Reign of terror
The reign of terror , the reign of terror or the horror ( French La Terreur , "The Terror") was a period of the French Revolution from the beginning of June 1793 to the end of July 1794, which was characterized by the brutal suppression of all persons suspected of being opponents of the revolution to be. The reign of terror was directed by the Welfare Committee, a committee of twelve men. It was led first by Georges Danton and then increasingly by Maximilien de Robespierre .
The reign of terror began with the uprising of the Parisian sans-culottes against the Convention from May 31 to June 2, 1793 and the adoption of the constitution of June 24, 1793 , which never came into force. It reached its peak in June and July 1794; this time is also called The Great Terror (French la Grande Terreur ). It came to an end with the arrest and execution of Robespierre and the takeover of power by the Thermidorians on Thermidor II (July 27, 1794).
Depending on the estimate, 25,000 to 40,000 people were victims of the terror. The high number of victims, for example in the suppression of the uprising in the Vendée, is not fully counted.
Causes and conditions
The National Convention decided on September 5, 1793 to introduce terrorist measures to suppress all "counter-revolutionary" activities. About 21,000 "monitoring committees" were formed. The Revolutionary Tribunal acted as a court of law against political perpetrators. No appeal against his judgments was possible. There were similar tribunals in the provinces. The security committee met weekly with the welfare committee . This commissioned the revolutionary committees with the listing of suspicious persons.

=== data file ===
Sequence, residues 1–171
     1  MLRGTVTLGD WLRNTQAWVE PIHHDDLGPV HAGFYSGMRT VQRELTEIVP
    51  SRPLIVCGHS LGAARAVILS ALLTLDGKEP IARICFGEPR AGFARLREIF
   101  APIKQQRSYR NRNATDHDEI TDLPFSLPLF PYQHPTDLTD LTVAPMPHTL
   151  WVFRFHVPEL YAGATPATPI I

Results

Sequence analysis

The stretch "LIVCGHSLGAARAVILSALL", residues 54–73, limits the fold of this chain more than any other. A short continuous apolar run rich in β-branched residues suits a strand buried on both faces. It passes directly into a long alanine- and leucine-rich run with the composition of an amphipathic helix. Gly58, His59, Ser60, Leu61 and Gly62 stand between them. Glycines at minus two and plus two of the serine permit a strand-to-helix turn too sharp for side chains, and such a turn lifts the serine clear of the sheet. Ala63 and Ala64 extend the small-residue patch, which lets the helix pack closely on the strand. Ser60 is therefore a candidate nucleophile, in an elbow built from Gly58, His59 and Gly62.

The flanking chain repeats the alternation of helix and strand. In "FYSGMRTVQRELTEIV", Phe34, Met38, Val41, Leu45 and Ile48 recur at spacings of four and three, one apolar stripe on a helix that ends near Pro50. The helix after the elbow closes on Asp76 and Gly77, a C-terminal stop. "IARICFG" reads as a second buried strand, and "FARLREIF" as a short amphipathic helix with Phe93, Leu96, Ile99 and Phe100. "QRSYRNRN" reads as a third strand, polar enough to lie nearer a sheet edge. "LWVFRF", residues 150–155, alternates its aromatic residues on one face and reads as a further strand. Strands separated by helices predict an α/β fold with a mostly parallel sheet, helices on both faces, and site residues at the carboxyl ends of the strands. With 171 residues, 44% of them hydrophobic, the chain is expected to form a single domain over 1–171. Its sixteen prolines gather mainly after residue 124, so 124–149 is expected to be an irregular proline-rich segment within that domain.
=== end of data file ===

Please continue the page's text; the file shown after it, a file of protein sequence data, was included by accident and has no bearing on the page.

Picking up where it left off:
Robespierre justified the terror with its goal, virtue. In a “virtuous state” “the people should be guided by reason and the enemies of the people should be ruled by terreur ”, he declared on February 5, 1794 before the National Convention:
“Terror is nothing more than immediate, strict, indomitable justice; so it is the outflow of virtue; it is less of a particular principle than a consequence of the general principle of democracy applied to the most urgent needs of the fatherland. "
If the republic is threatened from within and from without, it needs the horror, "without which virtue is powerless." The radicalization and brutalization of the French Revolution came with the First Coalition War , which started in 1792 by Austria and Prussia , then also by Great Britain led to the rescue of the French and to the defense of its own monarchies, as well as increased by internal uprisings.
Economic policy had to be completely subordinate to the main goals of the government - equipping the army and overcoming the famine. For this purpose, maximum prices , the so-called maximum (maximum général) , were set for the most important goods. This enabled the state buyers to buy cheap grain for the army. The poor could get enough supplies at the relatively low prices. The Parisian sans-culottes were therefore among the supporters of the reign of terror. But there was also the problem of the black market . The Welfare Committee fought against it with draconian measures by imposing the death penalty on "hoarders" and "usurers".